Democratic Rep. Deb Haaland of New Mexico, a member of the Laguna Pueblo people, condemned President Trump’s move to shrink Bears Ears National Monument and said that she believes a President Biden would give Native Americans a seat at the table in decisions that affect lands sacred to them. (Photo: screenshot of 2020 Democratic National Convention)

HAALAND: This administration, you know, cutting out big swaths of Bears Ears and grand staircase Escalante, this administration, blasting tribal, sacred burial ground so they can build the wall on the southern border. these are these are things where tribal leaders must have a say in where we are moving forward. And that's those are two very good reasons why I am going to do everything I can to get Joe Biden elected because I know he absolutely would never, never appoint a coal lobbyist or a gas in our lobbyists to any of these positions.

BASCOMB: On the last day of the convention Joe Biden officially accepted his party’s nomination and spoke about the coronavirus, racial injustice and tackling climate change.

BIDEN: One most powerful voices we hear in the country today is from our young people. They're speaking to the inequity and injustice that has grown up in America. economic injustice, racial injustice, environmental injustice. I hear their voices if you listen, you can hear them too. And whether there's existential, existential threat posed by climate change, the daily fear of being gunned down in school, or the inability to get started, your first job, will be the work of the next president to restore the promise of America to everyone.

BASCOMB: In advance of this year’s Democratic National Convention the moderate and progressive wings of the party worked together to create several unity task forces aimed at finding common ground for the party platform.
One of those task forces was focused on the environment and climate change.
For more on the convention and the official Democratic party platform I’m joined now by Peter Dykstra.
Peter is an editor with Environmental Health News that’s ehn.org and dailyclimate.org. Hey Peter!
So, what were your take homes from the convention?

Vermont Senator Bernie Sanders, who had also sought the Democratic nomination for President, shared words of praise for Joe Biden’s clean energy plan and urged his progressive supporters to help elect the former Vice President. (Photo: screenshot of 2020 Democratic National Convention)

DYKSTRA: Well, in order to do a diligent job here at living on Earth. I watched four nights worth of convention coverage. One of the things I didn't hear a whole lot on is climate change. Vice President Biden identified it as one of the four crises that a new president or Donald Trump would face. The other three, of course, are race relations coronavirus, and the economic plunge caused by coronavirus. They all get talked about a lot in primetime climate change really didn't.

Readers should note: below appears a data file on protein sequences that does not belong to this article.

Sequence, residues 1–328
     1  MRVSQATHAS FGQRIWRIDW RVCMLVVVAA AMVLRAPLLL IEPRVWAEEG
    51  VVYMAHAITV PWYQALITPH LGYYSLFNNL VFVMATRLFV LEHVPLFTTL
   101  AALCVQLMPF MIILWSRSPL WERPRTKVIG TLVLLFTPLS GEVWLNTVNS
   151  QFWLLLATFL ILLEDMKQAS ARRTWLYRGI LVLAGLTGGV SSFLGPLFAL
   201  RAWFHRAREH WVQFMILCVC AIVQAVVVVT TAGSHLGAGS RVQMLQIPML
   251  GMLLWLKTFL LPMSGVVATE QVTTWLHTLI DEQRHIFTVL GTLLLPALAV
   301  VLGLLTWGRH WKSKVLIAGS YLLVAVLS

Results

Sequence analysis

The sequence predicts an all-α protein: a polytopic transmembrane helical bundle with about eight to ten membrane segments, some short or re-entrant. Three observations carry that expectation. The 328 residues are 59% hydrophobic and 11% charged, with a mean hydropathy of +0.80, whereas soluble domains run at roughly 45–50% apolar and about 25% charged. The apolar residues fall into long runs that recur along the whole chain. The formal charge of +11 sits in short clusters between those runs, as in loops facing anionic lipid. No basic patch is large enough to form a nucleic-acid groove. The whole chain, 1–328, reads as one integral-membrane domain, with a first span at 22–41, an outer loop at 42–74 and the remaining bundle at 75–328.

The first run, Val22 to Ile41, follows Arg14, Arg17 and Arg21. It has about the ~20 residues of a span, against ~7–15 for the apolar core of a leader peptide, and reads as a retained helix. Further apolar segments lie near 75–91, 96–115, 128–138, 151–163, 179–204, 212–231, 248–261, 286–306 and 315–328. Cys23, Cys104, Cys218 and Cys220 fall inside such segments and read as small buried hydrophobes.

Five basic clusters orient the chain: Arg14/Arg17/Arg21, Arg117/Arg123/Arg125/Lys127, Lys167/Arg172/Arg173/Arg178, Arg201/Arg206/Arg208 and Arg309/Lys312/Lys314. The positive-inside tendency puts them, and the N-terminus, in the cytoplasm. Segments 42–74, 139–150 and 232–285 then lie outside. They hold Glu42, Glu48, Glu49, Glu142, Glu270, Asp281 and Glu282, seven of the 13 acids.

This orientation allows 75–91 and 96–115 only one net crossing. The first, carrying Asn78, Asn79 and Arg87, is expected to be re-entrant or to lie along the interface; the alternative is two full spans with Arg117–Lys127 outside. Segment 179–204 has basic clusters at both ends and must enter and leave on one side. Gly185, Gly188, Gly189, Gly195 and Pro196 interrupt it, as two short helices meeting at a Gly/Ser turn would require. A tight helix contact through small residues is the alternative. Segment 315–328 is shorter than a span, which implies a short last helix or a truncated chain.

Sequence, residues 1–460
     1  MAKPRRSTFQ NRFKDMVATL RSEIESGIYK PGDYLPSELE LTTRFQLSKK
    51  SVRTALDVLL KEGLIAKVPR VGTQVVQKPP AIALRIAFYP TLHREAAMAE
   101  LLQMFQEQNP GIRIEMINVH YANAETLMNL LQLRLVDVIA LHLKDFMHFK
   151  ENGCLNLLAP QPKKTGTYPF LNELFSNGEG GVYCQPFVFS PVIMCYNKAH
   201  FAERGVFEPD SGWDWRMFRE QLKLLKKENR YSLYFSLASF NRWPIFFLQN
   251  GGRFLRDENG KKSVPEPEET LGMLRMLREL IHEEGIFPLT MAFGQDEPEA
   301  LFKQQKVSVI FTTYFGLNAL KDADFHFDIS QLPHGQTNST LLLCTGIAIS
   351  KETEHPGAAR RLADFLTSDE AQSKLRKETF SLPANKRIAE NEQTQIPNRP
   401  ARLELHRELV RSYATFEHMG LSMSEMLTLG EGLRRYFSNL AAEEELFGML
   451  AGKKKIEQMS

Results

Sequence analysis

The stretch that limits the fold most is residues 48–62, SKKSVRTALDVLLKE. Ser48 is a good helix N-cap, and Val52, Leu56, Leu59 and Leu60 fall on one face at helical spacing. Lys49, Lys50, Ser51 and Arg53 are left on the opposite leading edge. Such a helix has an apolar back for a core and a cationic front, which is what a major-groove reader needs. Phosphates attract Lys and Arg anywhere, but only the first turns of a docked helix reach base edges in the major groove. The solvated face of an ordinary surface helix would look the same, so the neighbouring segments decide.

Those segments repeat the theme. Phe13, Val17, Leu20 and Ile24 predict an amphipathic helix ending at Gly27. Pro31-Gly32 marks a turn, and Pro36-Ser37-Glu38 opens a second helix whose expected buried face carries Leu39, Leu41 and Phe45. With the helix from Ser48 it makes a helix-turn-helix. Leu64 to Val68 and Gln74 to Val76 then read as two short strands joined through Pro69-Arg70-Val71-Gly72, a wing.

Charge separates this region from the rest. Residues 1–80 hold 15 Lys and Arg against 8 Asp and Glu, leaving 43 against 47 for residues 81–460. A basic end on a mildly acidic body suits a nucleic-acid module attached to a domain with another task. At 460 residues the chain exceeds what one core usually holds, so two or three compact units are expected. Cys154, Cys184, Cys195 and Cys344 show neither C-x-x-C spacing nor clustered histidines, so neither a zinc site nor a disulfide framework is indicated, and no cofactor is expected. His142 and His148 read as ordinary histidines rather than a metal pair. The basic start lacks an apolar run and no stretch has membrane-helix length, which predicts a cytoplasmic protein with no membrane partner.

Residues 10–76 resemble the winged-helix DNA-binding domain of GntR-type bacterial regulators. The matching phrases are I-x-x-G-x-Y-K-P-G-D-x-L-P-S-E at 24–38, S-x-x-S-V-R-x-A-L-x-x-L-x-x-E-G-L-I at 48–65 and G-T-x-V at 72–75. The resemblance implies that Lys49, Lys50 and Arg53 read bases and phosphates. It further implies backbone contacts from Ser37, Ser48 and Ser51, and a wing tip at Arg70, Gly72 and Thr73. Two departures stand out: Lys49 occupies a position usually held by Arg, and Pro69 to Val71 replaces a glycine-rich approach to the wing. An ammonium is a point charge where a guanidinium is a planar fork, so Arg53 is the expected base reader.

BASCOMB: Yeah, I watched a lot of it as well and it seemed every time climate change was mentioned, it was always sort of in a laundry list of other problems and never really seemed to get the attention that an existential threat of this magnitude would deserve, one would think.

DYKSTRA: There were a couple near exceptions in some of the more minor speeches. California Governor Gavin Newsom did a live shot from a wildfire in his state which of course is head disastrous problems with wildfire. He linked them to climate change, New Mexico governor Michelle Lujan Grisham talked for several minutes about clean energy in five minutes segment that featured a lot of activists, like a 15 year old named Alexandria Villaseñor from New York City, who's kind of being positioned as the American answer to the young climate activist Greta Thunberg.

Joe Biden and his wife Jill Biden wave to Kamala Harris and her husband Doug Emhoff following Joe Biden’s Democratic Presidential Nomination acceptance speech. (Photo: screenshot of 2020 Democratic National Convention)

BASCOMB: Yeah, but noticeable from its absence was, um, Al Gore. Where was he in all this?

DYKSTRA: Well, here you go. You had three former presidents, ex vice presidents, John Kerry, who was Secretary of State pushed through the United States involvement in the Paris Climate accord. You had all sorts of prominent members of Congress, entertainment figures, and the one who was missing in all of this is the guy who has been pushing on climate change for 40 years Al Gore. He won a portion of the Nobel Peace Prize. He won an Oscar for his climate slideshow an Inconvenient Truth but somehow the biggest opportunity to vindicate him to give him credit for an I told you so and to lay out a path toward action on climate change in my opinion the Democrats blew it. They should have had Al Gore front and center to talk about climate change on a par with those other issues that are deemed existential crises.

BASCOMB: So very little was said about climate change in primetime. But there are all of these virtual side events and caucuses and of course, the party platform. What did you see there?

DYKSTRA: Well, there's side events. So what it means is much of America didn't see them. They didn't get a message that they're really important. Almost every speaker, as you suggested, made a passing mention of climate change things that get passing mentions in primetime the suggestion is they're not going to be an immediate focus for the Democrats should they win the White House or control of the Senate, any of the things that may be up for grabs in the selection, it left me with a feeling that climate change will kind of be pushed to the back, particularly if the economy is still hurting in future years, as the experts tell us it will be.

New Mexico Governor Michelle Lujan Grisham addressed viewers of the 2020 Democratic National Convention from a solar energy facility in the state. (Photo: screenshot of 2020 Democratic National Convention)